Malaysian airport authorities are currently facing a very bizarre problem; three Boeing 747 airplanes have been abandoned at the Kuala Lumpur International Airport (KLIA). KLIA is the country’s main airport and the authorities are trying to get to the current owners of the planes, however, that is turning into a nightmare since no one is able to figure out how these planes got there or who dropped them off. As a last resort, the operators of KLIA have placed an ad in the Malaysian newspaper, The Star, in order to get in touch with the 747-200F aircraft.
The ad states, “If you fail to collect the aircraft within 14 days of the date of this notice, we reserve the right to sell or otherwise dispose of the aircraft pursuant to the Civil Aviation Regulations 1996 and use the money raised to set off any expenses and debt due to us under the said regulations.”
Zainol Mohd Isa, the person whose contact details are provided in the advertisement is the general manager of Malaysia Airports and said that the airport has been trying to contact the owners, “We have been in communication with the so-called owner, but they have not been responding to take away the aircraft. That’s why we go through this process to legalize whatever actions we want to take. We want to clear the area, we want to utilize our parking bay.”
Malaysia Airports further stated in a statement that putting up an ad for lost-and-found in the paper was “a common process undertaken by airport operators all over the world when faced with such a situation”. Isa also said that the airport requires payment from the owners for the landing, parking and other charges. The advertisement didn’t say anything about the amount of these payments or for how long these airplanes have been parked for.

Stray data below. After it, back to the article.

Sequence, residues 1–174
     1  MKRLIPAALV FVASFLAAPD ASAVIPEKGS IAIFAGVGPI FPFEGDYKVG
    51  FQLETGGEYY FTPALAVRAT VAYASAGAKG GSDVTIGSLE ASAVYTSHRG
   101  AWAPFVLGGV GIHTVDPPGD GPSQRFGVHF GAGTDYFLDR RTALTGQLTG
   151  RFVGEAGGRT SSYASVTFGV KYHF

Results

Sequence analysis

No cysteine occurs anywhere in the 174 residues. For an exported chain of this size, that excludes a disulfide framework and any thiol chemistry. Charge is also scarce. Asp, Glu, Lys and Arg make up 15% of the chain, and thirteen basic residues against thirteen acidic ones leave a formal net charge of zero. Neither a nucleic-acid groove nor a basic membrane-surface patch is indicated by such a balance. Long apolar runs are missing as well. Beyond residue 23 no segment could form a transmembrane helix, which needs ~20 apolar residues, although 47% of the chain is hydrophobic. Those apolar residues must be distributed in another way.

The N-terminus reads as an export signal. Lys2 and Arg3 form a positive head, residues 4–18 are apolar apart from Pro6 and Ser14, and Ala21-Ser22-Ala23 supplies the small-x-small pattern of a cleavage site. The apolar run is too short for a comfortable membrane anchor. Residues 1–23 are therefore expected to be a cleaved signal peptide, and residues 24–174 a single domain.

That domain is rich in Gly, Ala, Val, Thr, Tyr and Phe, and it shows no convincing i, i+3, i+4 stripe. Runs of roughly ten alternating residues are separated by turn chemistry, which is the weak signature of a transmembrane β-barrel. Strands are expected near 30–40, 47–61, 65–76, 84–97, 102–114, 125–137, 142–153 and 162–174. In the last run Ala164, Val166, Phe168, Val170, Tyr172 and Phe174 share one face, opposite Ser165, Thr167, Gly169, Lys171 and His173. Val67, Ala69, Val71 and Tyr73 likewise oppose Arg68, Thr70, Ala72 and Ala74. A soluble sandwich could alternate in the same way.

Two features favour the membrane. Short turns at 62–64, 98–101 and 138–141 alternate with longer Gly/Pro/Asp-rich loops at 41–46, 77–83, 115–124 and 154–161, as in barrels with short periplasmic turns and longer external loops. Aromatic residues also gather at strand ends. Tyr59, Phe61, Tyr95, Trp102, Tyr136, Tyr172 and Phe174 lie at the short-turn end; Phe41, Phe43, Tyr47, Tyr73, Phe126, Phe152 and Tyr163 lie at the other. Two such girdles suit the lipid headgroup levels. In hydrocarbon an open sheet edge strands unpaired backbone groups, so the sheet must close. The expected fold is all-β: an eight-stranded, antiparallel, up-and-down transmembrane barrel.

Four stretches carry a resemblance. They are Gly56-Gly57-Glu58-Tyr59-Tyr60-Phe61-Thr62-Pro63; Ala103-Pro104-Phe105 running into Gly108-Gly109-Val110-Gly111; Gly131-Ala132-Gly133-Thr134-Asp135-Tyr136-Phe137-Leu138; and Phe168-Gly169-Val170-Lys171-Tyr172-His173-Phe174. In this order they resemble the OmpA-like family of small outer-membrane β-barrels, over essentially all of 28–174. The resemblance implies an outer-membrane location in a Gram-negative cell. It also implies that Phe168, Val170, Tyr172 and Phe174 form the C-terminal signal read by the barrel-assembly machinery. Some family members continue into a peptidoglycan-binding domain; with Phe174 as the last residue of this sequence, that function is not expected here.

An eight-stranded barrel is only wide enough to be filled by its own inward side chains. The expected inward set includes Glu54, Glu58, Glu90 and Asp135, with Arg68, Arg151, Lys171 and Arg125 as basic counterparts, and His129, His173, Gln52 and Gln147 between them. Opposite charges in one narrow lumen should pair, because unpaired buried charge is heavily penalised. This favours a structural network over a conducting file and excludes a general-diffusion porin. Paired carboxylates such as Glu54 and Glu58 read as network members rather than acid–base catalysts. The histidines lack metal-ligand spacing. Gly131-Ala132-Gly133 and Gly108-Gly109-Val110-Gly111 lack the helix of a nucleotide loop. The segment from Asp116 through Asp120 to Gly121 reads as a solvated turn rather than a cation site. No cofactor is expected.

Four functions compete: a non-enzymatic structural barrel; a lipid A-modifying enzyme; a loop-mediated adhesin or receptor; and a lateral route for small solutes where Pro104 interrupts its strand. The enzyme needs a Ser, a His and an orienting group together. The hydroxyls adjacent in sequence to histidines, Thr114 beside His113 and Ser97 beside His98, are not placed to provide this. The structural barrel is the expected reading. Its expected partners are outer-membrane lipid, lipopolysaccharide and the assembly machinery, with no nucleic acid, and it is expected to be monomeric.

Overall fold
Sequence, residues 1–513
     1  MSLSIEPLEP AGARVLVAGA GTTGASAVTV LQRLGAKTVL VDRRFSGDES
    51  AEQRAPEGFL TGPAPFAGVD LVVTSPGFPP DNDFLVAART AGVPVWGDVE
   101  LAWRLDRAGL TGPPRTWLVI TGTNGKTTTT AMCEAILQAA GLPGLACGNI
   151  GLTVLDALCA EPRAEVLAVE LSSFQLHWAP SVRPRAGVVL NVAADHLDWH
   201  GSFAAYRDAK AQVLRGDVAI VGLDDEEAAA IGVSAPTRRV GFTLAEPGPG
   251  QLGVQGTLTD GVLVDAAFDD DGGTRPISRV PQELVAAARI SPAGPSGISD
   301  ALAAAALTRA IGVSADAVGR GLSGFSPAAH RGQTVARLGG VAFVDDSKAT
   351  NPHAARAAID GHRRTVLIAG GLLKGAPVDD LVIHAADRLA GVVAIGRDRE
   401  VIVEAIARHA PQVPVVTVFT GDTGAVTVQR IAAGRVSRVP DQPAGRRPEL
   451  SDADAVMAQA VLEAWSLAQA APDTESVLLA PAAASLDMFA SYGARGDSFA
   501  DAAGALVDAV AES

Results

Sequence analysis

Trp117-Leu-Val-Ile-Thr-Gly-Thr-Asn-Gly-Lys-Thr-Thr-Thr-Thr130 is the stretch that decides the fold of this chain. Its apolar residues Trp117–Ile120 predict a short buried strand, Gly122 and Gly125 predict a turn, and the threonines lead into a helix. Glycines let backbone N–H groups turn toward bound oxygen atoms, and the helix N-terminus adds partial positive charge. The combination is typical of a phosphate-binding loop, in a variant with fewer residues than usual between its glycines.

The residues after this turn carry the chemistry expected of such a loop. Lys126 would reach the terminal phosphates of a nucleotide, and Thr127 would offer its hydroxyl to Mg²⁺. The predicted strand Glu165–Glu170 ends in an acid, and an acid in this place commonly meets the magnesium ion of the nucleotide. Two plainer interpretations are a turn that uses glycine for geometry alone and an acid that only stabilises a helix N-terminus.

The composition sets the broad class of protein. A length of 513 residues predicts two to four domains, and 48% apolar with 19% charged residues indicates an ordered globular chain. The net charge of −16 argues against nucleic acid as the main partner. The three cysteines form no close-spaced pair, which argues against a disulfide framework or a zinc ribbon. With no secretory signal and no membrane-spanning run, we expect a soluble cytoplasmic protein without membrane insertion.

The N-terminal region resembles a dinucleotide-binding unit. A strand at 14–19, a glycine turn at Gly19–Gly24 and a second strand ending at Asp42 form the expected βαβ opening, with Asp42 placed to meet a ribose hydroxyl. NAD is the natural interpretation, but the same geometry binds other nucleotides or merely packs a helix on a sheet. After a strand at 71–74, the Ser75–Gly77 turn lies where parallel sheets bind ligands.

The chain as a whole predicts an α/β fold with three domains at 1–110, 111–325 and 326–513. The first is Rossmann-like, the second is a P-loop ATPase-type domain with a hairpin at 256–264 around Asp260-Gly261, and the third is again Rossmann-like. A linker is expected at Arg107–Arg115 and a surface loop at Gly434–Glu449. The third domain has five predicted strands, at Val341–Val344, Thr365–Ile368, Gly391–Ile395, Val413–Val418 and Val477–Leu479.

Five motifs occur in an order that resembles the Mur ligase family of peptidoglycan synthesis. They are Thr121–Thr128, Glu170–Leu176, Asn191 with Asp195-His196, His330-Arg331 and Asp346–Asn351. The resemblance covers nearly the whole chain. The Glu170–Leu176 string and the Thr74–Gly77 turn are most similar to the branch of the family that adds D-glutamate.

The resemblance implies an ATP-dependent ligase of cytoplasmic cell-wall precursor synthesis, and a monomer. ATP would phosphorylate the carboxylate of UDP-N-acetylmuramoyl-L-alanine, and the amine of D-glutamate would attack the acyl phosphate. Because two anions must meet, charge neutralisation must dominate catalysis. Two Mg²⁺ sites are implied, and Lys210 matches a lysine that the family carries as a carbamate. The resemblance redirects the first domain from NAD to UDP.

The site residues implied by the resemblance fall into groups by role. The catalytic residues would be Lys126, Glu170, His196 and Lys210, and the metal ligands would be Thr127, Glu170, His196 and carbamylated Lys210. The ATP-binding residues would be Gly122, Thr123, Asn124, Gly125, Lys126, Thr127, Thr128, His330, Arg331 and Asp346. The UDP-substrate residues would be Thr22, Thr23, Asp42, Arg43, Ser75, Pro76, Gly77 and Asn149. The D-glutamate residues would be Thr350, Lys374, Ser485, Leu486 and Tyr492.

Two out of these three aircraft have been linked to Malaysia Airlines by aviation enthusiasts following an online search that revealed that MasKargo had leased two of the planes from Air Atlanta Icelandic. The company’s senior VP of sales and marketing, Baldvin M. Hermannsson said, in an email, that the three aircraft did belong to Air Atlantia, however, had been returned to the owners in 2010. He said, “Air Atlanta Icelandic does not have any knowledge of who the current owner of these aircraft is today, and has nothing to do with these aircraft.” He also said that the three aircraft had been de-registered from the Registry of the Icelandic Civil Aviation Authority, “No-one seems to have painted over the registration marks since then.”
The three Boeing aircraft are:
- An off-white 747-200F with the registration number TF-ARM and parked at the KLIA Bay B61
- A white 747-200F with registration number TF-ARN parked at the KLIA Bay B61
- A white 747-200F with registration number TF-ARH parked at KLIA Bay M3.
So if you are the owner of these 3 beauties, please take them home!